Monday, 11 February 2013

You Don't Have to Agree With Your Tutor ...


I was contacted by a fellow correspondence course tutor this week (he works for another company) who was quite upset about a response he’d had from one of his students. This student had received the tutor’s feedback on their assignment and had taken offence. As a result, the tutor was worried that his criticism had come across as too harsh and was not constructive.

Receiving criticism is difficult, and all tutors are aware of this. But, hopefully, the criticism a tutor gives is constructive. It should demonstrate the steps that can be taken to improve the text, and then explain why those steps lead to better text.

Does a student have to agree with a tutor’s advice and implement it? No, not at all. It is entirely up to the student whether they take the action the tutor has recommended. Most tutors, though, are drawing upon their own (successful) writing experience.

One of the student’s complaints to my fellow tutor, was that he’d picked up on all of the spelling, punctation and grammatical errors, within the text. Surely, this wasn’t necessary when so many published books have poor spelling, grammar and punctuation within them. Sadly, I can see where this attitude comes from - only this morning, whilst reading a crime novel written by a well-known novelist, (and published by one of the big four UK publishers) I came across two spelling mistakes in the text. The first one was a little dismaying, but the second one, only a few pages later, was more annoying. I began to question how many more I might come across in the book, which I expected to be professionally written and produced. But this experience doesn’t make me think it’s okay to let my standards drop. I still want to write to the best of my ability, and to the highest standard that I can attain. And that’s also what I hope for my students, too.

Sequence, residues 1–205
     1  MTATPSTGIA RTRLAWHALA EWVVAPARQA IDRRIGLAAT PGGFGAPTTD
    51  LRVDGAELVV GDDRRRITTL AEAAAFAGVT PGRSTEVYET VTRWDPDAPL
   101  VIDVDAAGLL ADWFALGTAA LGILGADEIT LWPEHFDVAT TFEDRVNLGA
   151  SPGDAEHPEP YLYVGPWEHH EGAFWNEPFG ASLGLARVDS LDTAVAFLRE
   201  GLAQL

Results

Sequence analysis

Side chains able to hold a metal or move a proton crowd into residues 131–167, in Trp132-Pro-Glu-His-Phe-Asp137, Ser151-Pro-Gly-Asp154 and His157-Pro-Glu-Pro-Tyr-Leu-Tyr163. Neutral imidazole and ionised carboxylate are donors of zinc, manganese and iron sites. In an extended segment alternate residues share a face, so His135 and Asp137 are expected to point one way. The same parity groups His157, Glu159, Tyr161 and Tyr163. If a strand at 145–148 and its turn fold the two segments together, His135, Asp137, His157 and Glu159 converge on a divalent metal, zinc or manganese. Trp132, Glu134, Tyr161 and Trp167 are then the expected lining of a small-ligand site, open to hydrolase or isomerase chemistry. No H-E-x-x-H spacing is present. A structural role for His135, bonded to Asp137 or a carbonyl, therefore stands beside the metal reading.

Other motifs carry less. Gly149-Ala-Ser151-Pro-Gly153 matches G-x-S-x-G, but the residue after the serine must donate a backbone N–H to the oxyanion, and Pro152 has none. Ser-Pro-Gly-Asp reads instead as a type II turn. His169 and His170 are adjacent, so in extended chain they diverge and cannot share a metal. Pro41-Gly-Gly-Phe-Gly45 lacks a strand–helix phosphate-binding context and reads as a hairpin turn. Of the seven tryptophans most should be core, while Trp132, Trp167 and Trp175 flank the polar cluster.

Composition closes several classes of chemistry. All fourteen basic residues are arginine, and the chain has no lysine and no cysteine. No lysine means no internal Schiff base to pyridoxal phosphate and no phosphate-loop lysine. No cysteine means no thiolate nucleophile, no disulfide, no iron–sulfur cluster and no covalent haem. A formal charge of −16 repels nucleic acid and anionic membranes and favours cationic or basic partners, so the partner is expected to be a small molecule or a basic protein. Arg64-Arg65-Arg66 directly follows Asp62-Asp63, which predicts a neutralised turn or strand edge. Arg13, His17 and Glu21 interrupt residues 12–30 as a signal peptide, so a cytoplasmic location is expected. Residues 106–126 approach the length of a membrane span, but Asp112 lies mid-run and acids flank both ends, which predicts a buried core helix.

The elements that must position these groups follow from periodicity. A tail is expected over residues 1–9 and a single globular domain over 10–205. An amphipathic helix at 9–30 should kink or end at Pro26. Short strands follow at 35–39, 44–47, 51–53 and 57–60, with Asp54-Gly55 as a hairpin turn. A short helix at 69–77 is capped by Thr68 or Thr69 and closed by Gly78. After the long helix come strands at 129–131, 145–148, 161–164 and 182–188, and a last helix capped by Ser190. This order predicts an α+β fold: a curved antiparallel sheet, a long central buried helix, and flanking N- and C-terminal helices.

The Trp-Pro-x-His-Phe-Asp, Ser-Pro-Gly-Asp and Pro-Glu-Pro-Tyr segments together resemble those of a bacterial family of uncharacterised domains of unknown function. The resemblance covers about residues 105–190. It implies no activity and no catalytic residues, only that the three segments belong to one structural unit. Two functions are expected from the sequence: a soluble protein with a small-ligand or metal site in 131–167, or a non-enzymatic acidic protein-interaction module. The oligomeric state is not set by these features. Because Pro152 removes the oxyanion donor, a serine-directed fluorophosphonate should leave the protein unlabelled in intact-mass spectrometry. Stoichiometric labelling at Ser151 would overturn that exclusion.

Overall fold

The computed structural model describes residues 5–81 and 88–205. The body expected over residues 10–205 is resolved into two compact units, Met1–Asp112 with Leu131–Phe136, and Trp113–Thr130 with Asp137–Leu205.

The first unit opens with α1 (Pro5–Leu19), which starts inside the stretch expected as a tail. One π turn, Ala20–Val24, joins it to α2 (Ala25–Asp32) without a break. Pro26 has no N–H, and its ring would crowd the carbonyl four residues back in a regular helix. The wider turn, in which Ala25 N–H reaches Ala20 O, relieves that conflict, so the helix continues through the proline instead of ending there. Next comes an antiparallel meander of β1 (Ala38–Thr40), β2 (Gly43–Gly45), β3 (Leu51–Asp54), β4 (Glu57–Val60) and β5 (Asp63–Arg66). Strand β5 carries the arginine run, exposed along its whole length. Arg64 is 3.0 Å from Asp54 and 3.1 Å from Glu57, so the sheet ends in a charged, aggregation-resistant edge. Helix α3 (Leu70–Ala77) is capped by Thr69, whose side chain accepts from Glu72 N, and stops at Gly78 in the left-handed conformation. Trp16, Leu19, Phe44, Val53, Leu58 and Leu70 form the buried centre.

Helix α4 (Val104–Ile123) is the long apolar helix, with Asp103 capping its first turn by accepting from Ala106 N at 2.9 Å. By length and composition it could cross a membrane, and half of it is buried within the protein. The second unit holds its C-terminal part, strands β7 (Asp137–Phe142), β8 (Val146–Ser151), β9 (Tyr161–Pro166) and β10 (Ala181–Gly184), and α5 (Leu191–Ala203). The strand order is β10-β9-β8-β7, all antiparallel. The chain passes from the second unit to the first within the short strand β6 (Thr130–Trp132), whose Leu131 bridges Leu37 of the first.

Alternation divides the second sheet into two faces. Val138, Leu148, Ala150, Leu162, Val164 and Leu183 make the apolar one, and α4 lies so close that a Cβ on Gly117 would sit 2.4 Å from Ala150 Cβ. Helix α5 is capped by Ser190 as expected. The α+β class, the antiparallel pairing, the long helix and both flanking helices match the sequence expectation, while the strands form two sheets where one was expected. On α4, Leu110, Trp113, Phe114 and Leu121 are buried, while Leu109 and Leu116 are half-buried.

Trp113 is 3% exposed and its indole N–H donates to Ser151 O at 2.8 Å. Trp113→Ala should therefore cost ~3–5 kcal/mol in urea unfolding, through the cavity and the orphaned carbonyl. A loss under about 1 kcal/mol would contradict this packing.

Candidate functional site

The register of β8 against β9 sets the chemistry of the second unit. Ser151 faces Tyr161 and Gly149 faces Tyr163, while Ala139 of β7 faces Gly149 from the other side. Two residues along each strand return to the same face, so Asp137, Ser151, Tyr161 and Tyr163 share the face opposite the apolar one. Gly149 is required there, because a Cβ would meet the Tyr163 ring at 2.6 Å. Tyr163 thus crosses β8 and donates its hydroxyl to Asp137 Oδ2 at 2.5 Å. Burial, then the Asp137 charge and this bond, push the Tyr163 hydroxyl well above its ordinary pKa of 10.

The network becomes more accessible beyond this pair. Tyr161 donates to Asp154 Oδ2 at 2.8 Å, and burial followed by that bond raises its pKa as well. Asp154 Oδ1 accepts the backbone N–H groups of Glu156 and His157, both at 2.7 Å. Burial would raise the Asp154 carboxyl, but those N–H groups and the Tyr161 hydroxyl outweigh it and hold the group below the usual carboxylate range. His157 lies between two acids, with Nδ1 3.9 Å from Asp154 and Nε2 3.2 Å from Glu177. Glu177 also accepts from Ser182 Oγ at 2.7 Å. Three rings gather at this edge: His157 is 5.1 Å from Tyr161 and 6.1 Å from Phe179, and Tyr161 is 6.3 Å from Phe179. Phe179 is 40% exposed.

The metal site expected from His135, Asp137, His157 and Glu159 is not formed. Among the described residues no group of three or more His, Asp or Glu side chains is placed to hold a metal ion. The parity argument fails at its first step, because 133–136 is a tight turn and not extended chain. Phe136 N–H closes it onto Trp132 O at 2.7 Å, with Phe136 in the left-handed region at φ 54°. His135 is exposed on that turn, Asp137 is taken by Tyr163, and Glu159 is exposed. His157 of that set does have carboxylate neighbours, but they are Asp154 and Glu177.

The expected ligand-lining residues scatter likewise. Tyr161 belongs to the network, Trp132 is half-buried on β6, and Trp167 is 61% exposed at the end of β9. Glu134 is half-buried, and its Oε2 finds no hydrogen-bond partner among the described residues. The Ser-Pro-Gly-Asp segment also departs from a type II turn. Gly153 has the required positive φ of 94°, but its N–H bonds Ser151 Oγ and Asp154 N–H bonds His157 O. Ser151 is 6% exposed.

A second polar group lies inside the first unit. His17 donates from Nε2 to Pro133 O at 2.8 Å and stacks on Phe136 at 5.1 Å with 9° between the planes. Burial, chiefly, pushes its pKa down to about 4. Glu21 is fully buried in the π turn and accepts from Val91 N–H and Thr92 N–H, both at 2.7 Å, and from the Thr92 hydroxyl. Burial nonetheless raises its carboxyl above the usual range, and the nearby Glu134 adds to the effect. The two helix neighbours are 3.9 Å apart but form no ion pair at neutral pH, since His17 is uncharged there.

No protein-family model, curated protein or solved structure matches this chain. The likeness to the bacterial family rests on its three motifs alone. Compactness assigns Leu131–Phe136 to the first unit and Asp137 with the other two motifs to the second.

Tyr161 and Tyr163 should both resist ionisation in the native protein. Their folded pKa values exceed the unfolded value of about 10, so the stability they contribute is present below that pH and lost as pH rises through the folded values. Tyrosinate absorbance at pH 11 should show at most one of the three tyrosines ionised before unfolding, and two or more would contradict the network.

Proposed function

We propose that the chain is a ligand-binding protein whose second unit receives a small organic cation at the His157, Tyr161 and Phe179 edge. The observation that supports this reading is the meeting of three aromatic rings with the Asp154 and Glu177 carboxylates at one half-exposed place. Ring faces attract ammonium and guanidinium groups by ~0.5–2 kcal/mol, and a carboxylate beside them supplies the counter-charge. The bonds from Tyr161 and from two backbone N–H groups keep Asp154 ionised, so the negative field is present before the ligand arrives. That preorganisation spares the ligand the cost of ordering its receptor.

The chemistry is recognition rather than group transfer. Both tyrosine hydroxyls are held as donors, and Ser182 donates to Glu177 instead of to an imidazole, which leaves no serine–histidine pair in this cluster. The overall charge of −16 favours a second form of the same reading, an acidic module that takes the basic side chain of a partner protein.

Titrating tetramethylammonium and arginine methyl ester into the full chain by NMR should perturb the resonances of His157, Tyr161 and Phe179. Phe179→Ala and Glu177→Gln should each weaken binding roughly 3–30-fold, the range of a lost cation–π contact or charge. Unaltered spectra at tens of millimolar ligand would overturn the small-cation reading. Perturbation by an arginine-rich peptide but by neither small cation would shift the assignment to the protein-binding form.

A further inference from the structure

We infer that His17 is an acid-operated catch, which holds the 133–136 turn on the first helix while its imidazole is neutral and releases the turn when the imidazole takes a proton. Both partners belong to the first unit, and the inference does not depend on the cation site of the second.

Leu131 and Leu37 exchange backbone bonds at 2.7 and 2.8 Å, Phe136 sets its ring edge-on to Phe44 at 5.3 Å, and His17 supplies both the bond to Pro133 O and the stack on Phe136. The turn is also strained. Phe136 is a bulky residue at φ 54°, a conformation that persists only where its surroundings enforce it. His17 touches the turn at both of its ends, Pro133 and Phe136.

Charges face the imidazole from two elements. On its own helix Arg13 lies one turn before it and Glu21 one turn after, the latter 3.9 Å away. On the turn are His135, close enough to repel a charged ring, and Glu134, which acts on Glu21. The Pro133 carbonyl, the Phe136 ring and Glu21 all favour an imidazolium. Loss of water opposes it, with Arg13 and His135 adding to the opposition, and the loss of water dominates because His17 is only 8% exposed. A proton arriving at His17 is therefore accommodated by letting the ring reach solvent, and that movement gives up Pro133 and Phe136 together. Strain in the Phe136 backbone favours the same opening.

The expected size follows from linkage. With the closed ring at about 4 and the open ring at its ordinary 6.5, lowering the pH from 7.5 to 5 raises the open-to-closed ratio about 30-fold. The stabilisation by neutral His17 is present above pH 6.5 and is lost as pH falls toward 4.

It came across that the student’s response was one of someone whose immediate reaction had taken the comments personally. They’d not liked what they’d read and sat down and fired off an emotional response. Whilst understandable, it’s a shame, because that tutor/student relationship is now more delicate than it might have been. In the future, my friend is more likely to exercise extreme caution when marking this student’s work, (in fear of receiving further vitriolic responses), which means the student may not get the detailed feedback that could really help them. It would probably be better if the student asked to move to a new tutor, and created a fresh tutor/student relationship. Indeed, I’ve often said to people undertaking courses, that if they don’t get on with their tutor, then ask to be transferred. The tutor/student relationship is an important one, but it is also a human relationship, and not all humans get on with one another. You’re more likely to get the most benefit from your course if you have a good relationship with your tutor.